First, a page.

RAM stands for Random Access Memory. It is a type of computer storage device that takes the form of microcircuits or integrated circuits which facilitate the storage of data. These ICs can be accessed in any order explicitly or at random.
The word “random” means any piece of information can be returned in a constant time or disseminated through the memory. Its physical location and its relation to any other pieces of information inside the RAM will not have any effect.
It can also be related to volatile types of memory, where information can be lost if the power is switched off.
Types of Random Access Memory
The following are the types of RAM and their descriptions:
Dynamic Random Access Memory (DRAM)
DRAM stands for Dynamic Random Access Memory. It has the capacity to store each bit of data in a separate capacitor within a microcircuit.
It is a highly volatile memory device because data can be lost when the power supply is removed. It is called dynamic because of its refresh requirement. Since real capacitors leak charge, data can ultimately fade unless the capacitor charge is refreshed from time to time.
DRAM is beneficial because of its structural simplicity. It requires only a capacitor and one transistor per bit, compared to six transistors used in SRAM (Static RAM).
Static Random Access Memory (SRAM)
SRAM stands for Static Random Access Memory. It is the most widely used RAM today. It is a type of semiconductor memory where data is stored in a state of a flip-flop.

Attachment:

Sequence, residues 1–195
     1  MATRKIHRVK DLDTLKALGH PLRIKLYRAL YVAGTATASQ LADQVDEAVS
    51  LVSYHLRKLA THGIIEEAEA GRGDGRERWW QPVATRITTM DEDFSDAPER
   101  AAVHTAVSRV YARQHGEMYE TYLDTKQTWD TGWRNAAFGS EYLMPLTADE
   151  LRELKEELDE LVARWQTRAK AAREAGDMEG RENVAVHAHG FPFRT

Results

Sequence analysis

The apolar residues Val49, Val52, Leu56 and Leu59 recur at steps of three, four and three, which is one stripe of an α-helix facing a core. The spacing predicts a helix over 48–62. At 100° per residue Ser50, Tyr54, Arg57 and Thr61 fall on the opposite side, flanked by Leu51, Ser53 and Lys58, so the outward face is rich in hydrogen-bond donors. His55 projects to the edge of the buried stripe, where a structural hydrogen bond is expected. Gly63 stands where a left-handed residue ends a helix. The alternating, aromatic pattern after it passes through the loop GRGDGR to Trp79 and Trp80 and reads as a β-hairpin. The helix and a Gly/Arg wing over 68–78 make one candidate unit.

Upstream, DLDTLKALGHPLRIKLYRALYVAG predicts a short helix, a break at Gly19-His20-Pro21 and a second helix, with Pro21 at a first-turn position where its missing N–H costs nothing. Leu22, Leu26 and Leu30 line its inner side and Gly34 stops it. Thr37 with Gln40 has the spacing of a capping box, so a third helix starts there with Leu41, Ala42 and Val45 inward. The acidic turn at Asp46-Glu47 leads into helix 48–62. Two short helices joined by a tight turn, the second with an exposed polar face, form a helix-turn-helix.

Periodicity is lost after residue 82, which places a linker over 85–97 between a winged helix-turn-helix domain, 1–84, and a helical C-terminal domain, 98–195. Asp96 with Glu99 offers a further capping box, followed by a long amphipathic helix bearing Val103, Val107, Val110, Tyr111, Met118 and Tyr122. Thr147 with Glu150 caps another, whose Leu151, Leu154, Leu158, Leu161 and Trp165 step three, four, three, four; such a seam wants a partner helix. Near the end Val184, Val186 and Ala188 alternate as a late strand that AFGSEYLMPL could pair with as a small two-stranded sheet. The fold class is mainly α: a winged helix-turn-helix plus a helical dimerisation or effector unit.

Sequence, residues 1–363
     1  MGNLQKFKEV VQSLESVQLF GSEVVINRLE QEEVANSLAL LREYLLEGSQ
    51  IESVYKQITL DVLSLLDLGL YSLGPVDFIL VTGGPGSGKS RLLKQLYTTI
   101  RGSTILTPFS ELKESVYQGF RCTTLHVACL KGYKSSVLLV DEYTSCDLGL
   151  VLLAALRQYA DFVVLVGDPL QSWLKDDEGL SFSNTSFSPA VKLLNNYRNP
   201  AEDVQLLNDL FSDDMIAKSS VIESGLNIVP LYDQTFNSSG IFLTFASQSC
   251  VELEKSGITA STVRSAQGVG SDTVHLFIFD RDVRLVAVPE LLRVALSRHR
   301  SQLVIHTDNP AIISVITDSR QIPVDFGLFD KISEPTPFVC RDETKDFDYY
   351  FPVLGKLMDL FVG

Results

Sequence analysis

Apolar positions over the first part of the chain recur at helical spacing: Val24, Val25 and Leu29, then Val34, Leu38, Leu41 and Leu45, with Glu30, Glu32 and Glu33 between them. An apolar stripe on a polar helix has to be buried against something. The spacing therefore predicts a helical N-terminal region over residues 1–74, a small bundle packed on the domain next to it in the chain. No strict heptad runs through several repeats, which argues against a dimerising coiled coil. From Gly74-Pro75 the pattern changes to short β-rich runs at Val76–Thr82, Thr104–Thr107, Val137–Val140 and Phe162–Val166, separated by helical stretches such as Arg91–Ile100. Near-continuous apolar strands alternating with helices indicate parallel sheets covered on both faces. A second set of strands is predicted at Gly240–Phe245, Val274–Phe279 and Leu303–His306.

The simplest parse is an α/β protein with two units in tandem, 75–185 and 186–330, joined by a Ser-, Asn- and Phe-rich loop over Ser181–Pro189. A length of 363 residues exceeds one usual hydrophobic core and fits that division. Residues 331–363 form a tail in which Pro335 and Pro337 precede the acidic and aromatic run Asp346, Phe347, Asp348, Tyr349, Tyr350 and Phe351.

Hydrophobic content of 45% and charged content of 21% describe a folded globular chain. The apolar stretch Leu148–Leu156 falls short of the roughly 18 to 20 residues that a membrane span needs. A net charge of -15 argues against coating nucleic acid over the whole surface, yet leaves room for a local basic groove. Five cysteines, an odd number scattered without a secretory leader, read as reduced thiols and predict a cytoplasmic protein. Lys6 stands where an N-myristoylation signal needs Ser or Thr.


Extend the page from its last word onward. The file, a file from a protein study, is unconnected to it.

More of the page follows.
Like DRAM, SRAM is also a volatile memory device which can lose information when the power supply is cut off. However, SRAM exhibits data remembrance wherein data can still be recovered for a short time after power-off.
The term static specifies that it doesn’t need to be periodically refreshed unlike DRAM. It uses a bi-stable latching circuitry (electronic circuit that has two stable states) to store each bit of data.
Flash memory is a non-volatile computer memory, which means that it can be electrically reprogrammed and erased. It is a specific type of Electrically Erasable Programmable Read-Only Memory (EEPROM or E2PROM).
The cost of a flash memory is less expensive compared to other byte-programmable EEPROM. Hence, it has become the leading technology for storing non-volatile, solid-state information.
It is primarily used in portable music players, mobile phones, personal digital assistants, digital cameras, laptop computers, scientific calculators, memory cards, game console, and USB flash drives.
Erasable Programmable Read-Only Memory (EPROM)
Erasable Programmable Read-Only Memory or EPROM is a type of non-volatile computer memory integrated circuit. It has the capacity to retain data when the power supply is switched off.
It uses floating-gate transistors that are individually programmed by an electronic device. It provides higher voltages compared to other commonly used electronic circuits.
Once it is programmed, EPROM can only be erased by exposing it to strong ultraviolet light with a wavelength of 235 nm for optimal erasure time.
Read-Only Memory (ROM)
Read-Only Memory, simply known as ROM, is a type of storage device used in computers and other electronic media.
The pieces of data stored in ROM are not very easily or quickly modified. It is primarily used to distribute firmware, which are software applications closely tied to a specific hardware and are not likely to require recurrent updates.